From Clarence Thomas and Anita Hill to Brett Kavanaugh and Christine Blasey Ford, the machine of right-wing politics has gone into high gear to defend prominent men from women’s accusations of sexual violence and harassment. Since the 1987 defeat of Ronald Reagan’s nominee for the Supreme Court, Robert Bork—a loss that galvanized the Right—conservatives have honed a playbook for fighting back against allegations that could derail confirmations.
But the response isn’t only about winning a single confirmation battle. It’s also about protecting male supremacy—including the male sexual entitlement inherent to rape culture—against those who seek to upend that system. That’s why, even after Thomas was confirmed in 1991, the Right continued to malign Professor Anita Hill, depicting her as a liar, sex-obsessed, incompetent, attention-seeking, and the willing instrument of a liberal conspiracy to destroy the conservative nominee. (As an African-American woman, many of these attacks took on racist tones as well.) Similar accusations have already been made against Ford in advance of her Senate testimony this Thursday, including speculation that “the attacks on Kavanaugh have the fingerprints of a Democratic hit job.”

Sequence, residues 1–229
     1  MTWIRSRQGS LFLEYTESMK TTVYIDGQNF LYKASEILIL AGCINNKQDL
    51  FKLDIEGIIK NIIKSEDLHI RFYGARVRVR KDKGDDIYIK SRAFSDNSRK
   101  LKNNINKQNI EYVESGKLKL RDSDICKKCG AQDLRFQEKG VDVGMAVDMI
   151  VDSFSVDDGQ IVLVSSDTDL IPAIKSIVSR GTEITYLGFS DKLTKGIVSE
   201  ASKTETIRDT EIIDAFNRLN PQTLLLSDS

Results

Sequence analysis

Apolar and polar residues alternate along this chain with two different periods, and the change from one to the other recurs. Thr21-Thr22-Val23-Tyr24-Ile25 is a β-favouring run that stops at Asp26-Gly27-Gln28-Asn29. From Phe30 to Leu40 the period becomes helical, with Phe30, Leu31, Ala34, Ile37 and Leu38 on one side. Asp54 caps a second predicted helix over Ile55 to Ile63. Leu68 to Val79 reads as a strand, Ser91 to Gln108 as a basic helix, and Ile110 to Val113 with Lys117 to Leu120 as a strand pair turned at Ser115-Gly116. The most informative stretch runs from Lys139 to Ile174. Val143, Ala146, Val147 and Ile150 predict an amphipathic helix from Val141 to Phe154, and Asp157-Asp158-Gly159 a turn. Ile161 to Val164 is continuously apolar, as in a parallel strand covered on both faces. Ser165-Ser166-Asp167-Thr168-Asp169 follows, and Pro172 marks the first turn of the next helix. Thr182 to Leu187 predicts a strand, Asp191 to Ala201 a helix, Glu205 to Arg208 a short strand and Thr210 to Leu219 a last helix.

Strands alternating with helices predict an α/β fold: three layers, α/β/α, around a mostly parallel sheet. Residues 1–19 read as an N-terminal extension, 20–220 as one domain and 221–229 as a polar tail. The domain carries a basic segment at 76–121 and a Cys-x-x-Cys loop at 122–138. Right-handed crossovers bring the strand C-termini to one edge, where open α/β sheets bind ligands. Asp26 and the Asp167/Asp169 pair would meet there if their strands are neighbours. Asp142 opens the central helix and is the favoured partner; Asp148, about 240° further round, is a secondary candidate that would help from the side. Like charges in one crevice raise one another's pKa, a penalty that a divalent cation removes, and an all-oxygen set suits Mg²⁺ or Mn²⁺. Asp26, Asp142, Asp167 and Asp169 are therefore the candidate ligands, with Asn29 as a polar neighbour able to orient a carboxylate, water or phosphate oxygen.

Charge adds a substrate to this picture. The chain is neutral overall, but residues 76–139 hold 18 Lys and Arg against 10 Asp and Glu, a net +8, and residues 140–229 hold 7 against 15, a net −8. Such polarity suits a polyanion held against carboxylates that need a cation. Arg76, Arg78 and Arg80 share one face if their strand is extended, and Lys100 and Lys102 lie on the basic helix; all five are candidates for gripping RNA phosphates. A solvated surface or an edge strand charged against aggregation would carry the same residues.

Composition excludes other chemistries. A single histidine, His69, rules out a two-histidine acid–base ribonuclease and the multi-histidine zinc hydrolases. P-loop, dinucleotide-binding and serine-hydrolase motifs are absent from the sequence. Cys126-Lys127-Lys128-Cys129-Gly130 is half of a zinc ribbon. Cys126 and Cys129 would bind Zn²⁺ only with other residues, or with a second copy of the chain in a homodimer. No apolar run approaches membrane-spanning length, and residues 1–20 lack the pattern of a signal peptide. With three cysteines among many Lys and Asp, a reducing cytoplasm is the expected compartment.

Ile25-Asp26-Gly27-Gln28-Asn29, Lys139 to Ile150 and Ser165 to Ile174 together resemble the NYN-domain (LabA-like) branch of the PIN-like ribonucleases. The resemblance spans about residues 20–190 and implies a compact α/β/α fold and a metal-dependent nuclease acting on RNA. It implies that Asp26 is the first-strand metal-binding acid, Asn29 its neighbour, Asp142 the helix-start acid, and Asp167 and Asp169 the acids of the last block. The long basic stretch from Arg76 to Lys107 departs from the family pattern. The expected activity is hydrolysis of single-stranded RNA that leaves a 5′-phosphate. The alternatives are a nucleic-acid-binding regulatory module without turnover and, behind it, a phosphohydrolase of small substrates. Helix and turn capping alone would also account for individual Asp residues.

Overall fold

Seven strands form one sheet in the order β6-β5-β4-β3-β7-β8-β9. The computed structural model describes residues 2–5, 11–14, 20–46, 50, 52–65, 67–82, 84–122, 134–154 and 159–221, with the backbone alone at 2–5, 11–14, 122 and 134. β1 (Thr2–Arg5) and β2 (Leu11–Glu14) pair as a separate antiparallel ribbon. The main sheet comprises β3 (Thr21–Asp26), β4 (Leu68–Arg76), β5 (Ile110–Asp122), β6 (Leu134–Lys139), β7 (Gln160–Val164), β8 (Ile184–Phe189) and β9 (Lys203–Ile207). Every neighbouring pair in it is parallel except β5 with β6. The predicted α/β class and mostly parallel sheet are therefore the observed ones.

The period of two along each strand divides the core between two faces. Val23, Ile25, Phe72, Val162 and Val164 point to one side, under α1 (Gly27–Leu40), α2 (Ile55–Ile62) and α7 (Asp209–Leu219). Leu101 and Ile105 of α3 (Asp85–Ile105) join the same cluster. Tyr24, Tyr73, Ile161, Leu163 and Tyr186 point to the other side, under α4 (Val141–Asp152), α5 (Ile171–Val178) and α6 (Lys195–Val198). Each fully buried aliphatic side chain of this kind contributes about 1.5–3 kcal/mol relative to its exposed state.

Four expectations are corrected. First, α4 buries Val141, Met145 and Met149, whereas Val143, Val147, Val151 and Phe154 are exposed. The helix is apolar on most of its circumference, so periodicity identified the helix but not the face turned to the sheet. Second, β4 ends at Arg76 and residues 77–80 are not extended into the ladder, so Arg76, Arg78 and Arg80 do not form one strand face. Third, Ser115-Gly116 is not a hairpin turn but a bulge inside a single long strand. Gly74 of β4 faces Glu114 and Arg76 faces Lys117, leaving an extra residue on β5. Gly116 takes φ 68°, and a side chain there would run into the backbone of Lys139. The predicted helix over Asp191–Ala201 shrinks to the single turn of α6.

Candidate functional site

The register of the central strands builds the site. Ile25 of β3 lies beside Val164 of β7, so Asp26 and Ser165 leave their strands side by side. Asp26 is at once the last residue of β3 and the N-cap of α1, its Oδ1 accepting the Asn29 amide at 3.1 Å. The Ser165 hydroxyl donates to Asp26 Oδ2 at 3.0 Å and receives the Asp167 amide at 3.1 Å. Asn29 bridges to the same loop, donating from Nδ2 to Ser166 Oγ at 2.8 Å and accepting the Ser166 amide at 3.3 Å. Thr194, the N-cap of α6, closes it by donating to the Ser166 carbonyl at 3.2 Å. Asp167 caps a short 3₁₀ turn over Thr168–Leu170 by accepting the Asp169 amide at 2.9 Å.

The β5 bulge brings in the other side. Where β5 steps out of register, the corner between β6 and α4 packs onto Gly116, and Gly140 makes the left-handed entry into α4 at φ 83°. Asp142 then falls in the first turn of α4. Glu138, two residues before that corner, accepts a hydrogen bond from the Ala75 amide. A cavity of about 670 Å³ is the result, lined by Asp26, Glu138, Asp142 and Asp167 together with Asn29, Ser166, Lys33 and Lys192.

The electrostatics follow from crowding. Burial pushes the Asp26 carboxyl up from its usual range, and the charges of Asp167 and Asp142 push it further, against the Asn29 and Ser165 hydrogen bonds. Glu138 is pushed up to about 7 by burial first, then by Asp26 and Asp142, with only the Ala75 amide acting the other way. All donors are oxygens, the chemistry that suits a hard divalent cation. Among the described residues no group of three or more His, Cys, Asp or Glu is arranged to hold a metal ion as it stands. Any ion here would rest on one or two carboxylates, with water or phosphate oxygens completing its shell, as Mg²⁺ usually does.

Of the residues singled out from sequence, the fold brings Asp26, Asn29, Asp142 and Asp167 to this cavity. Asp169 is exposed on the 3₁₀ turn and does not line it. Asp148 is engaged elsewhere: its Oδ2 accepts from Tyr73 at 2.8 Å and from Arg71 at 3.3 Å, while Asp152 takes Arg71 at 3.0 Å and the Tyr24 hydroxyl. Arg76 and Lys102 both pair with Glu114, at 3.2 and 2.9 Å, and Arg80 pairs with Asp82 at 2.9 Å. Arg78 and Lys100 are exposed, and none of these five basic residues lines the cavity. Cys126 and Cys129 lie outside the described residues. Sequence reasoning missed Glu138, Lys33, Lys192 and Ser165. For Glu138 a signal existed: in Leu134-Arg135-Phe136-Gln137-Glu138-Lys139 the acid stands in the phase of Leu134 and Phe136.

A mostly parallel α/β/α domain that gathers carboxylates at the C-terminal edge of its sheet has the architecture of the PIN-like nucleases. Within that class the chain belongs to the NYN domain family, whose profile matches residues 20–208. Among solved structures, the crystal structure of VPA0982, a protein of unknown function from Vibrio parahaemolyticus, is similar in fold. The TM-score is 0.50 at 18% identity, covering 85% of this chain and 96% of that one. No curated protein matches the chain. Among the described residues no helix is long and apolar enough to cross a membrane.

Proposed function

Hill became an inspiration, encouraging women to tell their stories and run for office (media outlets referred to 1992 as “The Year of the Woman.”) She also became a potent symbol to male supremacists—of the threat they believed women and the feminist movement pose. As I wrote in an article for The Public Eye this summer, the consequences also included fueling the rise of the “men’s rights” movement (which claims that men are oppressed by feminism) and may have acted as trigger for an act of misogynist mass violence.